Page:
Coalition steps up court fight over rent control and eviction ban
A coalition of landlords and letting bodies has submitted a Petition to the Court of Session in Edinburgh seeking a Judicial Review of the Scottish Government’s rent control and eviction ban legislation. The coalition is represented by TC Young LLP and Bannatyne, Kirkwood, France & Co.
In the petition, the three groups; the Scottish Association of Landlords (SAL); Scottish Land and Estates (SLE) and Propertymark, say they believe the law is disproportionate and unfair.
This is further exacerbated by the decision to retain rent control for the private rented sector and remove it for the social rented sector from 1 March 2023. Specifically, the petition highlights:
- The rent control applies irrespective of the financial position of both the tenant and landlord.
- The recent decision by the Scottish Government to remove the cap for social landlords means a well-off individual renting in the private sector is provided financial protection not available to someone in more challenging financial circumstances in the social sector.
- In the decision to remove the rent control in the social sector, the Scottish Government acknowledges the need for maintenance of these properties but has not given the same consideration to landlords in the private sector.
- The law does not make any distinction or provide relief based on different circumstances of landlords, between larger, institutional companies who might be able to shoulder increased costs, and individual landlords who cannot.
- The eviction ban creates a delay in addressing matters such as arrears which adversely impacts landlord cash flow culminating in a reduction in capital value.
The petition further argues that by discriminating in the way it does, the law breaches the European Convention of Human Rights which states “The enjoyment of the rights and freedoms set forth in the Convention shall be secured without discrimination on any ground such as … association with … property…”
The Scottish Government will now be asked if they wish to provide a response before the petition is considered by the Court.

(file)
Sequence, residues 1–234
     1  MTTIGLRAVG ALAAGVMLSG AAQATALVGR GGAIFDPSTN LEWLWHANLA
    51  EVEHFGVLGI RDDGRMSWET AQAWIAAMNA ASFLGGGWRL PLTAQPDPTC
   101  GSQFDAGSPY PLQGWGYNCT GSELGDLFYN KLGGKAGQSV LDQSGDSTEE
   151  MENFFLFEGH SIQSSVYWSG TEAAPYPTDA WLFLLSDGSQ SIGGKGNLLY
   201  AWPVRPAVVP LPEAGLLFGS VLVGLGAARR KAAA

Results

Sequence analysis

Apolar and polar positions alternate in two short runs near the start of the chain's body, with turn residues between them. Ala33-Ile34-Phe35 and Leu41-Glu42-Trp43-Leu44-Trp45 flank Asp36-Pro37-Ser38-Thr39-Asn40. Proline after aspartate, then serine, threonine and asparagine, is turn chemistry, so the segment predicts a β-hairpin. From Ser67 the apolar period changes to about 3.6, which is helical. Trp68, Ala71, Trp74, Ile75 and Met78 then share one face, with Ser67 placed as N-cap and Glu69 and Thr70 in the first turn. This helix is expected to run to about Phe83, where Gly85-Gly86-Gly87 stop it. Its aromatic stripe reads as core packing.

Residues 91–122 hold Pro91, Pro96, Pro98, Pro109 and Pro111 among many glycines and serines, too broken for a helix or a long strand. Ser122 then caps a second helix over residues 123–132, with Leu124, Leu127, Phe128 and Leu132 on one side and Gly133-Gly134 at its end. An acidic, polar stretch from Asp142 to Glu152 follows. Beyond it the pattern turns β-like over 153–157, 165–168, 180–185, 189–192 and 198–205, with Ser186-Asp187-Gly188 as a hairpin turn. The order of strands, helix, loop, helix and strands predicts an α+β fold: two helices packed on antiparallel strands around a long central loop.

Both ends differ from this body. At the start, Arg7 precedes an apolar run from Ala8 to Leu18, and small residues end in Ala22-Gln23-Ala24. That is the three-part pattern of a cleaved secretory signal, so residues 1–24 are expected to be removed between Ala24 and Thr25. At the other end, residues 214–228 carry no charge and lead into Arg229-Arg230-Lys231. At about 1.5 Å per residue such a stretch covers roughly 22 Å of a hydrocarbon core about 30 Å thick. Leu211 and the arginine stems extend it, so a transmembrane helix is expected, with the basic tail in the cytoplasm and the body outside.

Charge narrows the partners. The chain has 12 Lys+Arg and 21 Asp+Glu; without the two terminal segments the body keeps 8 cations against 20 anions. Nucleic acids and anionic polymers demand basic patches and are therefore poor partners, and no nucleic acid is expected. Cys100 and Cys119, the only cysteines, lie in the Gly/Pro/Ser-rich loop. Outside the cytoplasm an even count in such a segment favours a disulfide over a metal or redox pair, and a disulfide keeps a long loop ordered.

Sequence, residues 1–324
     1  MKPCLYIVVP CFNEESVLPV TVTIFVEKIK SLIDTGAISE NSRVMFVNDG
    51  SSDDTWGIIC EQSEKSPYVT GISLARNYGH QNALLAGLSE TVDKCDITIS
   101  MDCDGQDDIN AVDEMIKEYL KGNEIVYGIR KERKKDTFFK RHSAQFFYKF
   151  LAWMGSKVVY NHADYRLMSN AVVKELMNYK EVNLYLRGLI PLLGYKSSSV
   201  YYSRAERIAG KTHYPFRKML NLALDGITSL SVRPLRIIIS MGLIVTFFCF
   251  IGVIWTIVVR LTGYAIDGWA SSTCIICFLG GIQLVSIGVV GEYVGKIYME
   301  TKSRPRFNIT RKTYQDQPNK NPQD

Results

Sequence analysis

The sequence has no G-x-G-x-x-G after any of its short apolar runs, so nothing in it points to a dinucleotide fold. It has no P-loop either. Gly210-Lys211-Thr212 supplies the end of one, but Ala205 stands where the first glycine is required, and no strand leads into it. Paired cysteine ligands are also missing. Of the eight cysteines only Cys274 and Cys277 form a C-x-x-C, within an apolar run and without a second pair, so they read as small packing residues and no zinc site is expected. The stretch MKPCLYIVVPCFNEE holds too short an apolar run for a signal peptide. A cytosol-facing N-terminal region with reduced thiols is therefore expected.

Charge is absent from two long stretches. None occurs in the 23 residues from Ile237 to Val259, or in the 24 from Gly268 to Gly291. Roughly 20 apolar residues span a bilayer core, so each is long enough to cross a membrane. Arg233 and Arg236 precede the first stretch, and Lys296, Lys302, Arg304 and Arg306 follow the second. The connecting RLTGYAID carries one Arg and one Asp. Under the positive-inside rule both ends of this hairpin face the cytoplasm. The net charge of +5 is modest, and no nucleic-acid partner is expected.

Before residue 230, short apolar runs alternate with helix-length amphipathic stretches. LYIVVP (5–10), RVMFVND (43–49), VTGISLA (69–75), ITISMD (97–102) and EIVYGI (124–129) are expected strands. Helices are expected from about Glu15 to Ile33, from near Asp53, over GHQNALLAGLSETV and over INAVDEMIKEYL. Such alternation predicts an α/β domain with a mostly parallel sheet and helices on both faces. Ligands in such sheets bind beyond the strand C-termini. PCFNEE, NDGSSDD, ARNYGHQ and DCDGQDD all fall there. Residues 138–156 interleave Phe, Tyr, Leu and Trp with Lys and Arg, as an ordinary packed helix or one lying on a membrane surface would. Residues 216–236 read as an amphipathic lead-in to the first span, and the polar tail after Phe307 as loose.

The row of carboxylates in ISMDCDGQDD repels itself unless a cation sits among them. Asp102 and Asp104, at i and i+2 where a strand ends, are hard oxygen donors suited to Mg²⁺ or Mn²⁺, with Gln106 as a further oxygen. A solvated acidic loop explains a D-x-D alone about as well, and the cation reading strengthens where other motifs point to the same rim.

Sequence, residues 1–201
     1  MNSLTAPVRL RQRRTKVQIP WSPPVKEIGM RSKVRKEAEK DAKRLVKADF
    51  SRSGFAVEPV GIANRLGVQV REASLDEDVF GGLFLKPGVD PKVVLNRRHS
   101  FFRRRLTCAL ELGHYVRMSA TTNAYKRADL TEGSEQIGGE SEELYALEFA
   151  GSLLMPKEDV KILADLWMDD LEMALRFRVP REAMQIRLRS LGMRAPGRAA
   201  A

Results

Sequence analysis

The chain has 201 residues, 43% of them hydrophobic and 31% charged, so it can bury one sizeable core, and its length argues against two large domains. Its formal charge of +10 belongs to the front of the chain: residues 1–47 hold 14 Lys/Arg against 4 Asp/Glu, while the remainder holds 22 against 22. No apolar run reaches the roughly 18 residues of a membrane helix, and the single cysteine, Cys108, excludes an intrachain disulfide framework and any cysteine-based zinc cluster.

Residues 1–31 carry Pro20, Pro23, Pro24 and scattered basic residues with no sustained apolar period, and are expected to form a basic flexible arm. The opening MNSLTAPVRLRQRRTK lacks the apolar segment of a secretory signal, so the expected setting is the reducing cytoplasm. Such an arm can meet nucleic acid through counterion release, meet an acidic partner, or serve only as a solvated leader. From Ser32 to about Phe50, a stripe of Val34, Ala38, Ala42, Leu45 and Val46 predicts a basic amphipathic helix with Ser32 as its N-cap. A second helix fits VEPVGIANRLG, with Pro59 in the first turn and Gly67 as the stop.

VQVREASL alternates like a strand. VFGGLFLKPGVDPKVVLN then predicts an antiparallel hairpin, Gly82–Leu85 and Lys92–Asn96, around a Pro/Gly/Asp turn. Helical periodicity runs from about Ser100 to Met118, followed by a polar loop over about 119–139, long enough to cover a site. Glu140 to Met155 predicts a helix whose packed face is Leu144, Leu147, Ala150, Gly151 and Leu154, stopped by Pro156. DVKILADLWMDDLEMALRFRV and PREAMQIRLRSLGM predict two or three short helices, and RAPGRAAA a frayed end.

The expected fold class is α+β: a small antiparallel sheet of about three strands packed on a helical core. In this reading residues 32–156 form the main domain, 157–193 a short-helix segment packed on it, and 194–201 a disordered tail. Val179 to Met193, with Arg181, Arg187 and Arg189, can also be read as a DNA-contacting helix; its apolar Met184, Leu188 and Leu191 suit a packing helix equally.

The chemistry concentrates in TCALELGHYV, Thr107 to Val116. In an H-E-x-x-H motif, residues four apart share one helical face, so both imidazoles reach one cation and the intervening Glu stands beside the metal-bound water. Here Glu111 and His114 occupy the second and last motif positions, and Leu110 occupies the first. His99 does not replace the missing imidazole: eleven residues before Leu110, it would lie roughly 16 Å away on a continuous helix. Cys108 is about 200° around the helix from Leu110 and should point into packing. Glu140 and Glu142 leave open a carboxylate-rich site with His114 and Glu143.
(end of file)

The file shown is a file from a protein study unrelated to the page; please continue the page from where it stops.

John Blackwood, chief executive of the Scottish Association of Landlords (SAL), said:
“So far, the result of the Scottish Government eviction ban and rent freeze has been just as concerning as we predicted. Landlords selling up loss making property is further reducing housing supply, despite ever increasing demand. The result is the cost of finding a new home is actually increasing for renters.
“While the Scottish Government sees fit to raise council and housing association tenants’ rents, so social landlords can do repairs and improvements, they fail to realise that private landlords are faced with similar financial pressures.”
“The Ministerial statement in parliament last week and yesterday’s announcement make it perfectly clear the Scottish Government plans to continue with eviction ban and rent increase restrictions in the private rented sector beyond 31 March. Landlords have had enough.”
“We must stand united to protect our property rights by challenging this unfair legislation in court.”
Sarah-Jane Laing, chief executive of Scottish Land & Estates, said:
“Around 340,000 households, a seventh of all homes in Scotland, are provided by the private rented sector and it is vital that government enables a well-functioning system that balances the rights of both tenants and landlords.”
“Regrettably, in recent times the Scottish Government has sought to unfairly penalise private landlords, such as SLE members who provide a vital supply of homes in our rural areas, many at below market rents.”
“Farms, estates and other rural businesses have taken steps to support tenants, employees and other local businesses throughout Covid and the cost-of-living crisis. All we have asked for is a fair approach to allow landlords to reasonably increase rents thus enabling investment in properties and to be able take timely action when faced with significant rent arrears and other issues.”
“The decision to submit this petition is not one that has been taken lightly. The announcement from the Minister is too little, too late and the figure of 3% appears to be plucked from thin air. For too long, the Scottish Government has sought to disregard evidence provided by the sector and has been reticent in recent months to engage in any form of constructive dialogue.”
Nathan Emerson MARLA, CEO of Propertymark, said:
“The legislation is being made without any clear evidence as to its need. However, the immediate effects are clear to those on the coal face of the problem, as a direct result of the Scottish Government’s initial decision to cap rents at zero, 68 per cent of Scottish letting agents report an increase in notices to sell from landlords.”
“Private landlords provide homes on a huge scale for people, and they must be able to cover the costs of outgoings on the property. Repairs and maintenance costs are not solely applicable for social landlords and it’s essential for landlords to be able to keep properties to a high standard in the interests of their tenants.”
“Unlike for providers of social rented accommodation there has been no task and finish group for the private rented sector to formally raise our concerns.”
”The private rented sector has been clearly singled out with complete disregard for the positive impact it provides. It is vital that we ensure that the residential property sector in Scotland is investible and that is why we have been left with no choice but to formally object to these measures with the Court of Session in Scotland.”